Lower Cross Syndrome: Causes, Symptoms And Treatment

In this video Dr. Casey Crisp explains the basics of Lower Cross Syndrome. He discusses the causes of injury and describes specific exercises you can do to strengthen weaker muscles and relieve pressure on tight/overworked muscles — minimizing pain associated with the condition and helping prevent further injury. By targeting pain directly at the source and working to strengthen weak muscles, Airrosti eliminates the pain in an average of just three visits. Learn more about Airrosti’s unique approach here.


Lower cross syndrome (LCS) is a muscular imbalance that results in postural changes which can lead to lower back pain over time. LCS is often caused by an overly sedentary lifestyle and/or poor posture. Prolonged sitting or injury can lead to development of shortened hip flexor muscles, and that leads to tightened lower back muscles.  The tightened hip flexors eventually lead to weakened abdominal/core muscles, along with weakened gluteal/butt muscles.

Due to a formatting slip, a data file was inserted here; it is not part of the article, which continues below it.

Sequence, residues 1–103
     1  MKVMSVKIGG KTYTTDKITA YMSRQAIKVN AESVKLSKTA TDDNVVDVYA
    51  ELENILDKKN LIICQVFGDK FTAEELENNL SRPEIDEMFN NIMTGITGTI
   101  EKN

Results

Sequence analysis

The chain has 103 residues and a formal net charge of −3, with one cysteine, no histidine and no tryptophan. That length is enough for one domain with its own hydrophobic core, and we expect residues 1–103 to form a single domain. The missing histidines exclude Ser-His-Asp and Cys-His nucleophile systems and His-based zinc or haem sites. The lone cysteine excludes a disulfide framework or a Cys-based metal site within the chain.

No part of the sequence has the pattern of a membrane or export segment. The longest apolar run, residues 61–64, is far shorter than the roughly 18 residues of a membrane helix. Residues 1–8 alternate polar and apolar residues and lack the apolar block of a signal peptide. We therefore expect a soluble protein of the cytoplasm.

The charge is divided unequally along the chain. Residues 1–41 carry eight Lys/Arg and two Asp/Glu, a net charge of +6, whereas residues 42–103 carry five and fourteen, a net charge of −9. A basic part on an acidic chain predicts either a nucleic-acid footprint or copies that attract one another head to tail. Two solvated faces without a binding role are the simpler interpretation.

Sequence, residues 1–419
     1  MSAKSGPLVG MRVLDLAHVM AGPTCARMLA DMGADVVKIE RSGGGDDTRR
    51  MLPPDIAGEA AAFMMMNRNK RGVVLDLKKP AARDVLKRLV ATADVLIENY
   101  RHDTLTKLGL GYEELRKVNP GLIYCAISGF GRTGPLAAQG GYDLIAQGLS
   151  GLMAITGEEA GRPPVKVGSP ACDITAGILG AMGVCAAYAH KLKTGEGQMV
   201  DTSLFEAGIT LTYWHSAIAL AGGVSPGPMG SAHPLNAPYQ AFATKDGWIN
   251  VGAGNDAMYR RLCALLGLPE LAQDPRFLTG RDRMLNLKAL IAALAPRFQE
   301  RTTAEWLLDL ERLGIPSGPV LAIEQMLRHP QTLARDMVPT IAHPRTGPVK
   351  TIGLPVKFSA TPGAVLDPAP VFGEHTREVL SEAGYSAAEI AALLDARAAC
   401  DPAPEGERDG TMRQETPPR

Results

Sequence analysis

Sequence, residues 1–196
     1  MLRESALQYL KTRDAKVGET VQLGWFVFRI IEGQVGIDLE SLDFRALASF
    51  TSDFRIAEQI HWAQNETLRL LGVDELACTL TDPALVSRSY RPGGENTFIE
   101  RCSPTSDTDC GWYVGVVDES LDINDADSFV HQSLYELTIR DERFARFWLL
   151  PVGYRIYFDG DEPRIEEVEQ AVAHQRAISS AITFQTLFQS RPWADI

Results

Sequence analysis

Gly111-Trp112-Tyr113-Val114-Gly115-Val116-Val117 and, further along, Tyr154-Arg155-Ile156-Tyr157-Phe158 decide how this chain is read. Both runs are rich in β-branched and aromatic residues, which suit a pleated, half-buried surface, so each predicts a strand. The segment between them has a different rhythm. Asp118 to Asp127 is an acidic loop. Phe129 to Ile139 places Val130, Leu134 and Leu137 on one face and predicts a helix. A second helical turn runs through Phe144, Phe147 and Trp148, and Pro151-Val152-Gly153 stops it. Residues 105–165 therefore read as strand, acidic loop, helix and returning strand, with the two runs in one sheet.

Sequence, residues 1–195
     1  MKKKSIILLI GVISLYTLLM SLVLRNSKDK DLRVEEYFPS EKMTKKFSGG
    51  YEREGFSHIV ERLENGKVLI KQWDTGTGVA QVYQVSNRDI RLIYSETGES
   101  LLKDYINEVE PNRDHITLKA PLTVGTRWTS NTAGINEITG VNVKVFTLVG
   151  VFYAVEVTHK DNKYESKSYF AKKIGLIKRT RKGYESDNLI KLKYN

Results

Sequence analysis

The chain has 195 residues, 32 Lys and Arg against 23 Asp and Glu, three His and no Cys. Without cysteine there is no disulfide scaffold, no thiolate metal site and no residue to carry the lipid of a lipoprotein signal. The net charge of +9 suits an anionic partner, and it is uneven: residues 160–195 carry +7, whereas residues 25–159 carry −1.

Postural effects of this condition are seen by an increased forward tilt of the pelvis that coincides with an excessive lower-back arch. However, this uneven pull of muscles has effects beyond the lumbo-pelvic-hip region. When this happens, your back muscles and hamstrings have to work harder which can lead to low back and hamstring injuries


LCS should not be left untreated. It is a chronic condition that can lead to significant problems throughout the body. If these muscle differences are left untreated, the surrounding joints and muscles may progressively undergo changes. Strength, flexibility and range of motion subsequently decrease, which contributes to degenerative changes and pain in the lower back.

Treatment from a musculoskeletal specialist or Airrosti Certified Provider is key to addressing the specific problems in the body. Muscular adhesions and trigger points will develop, and must be removed. Manual treatment should be followed by specific strengthening and stretching exercises to prevent future injury, and to further restore strength and function.

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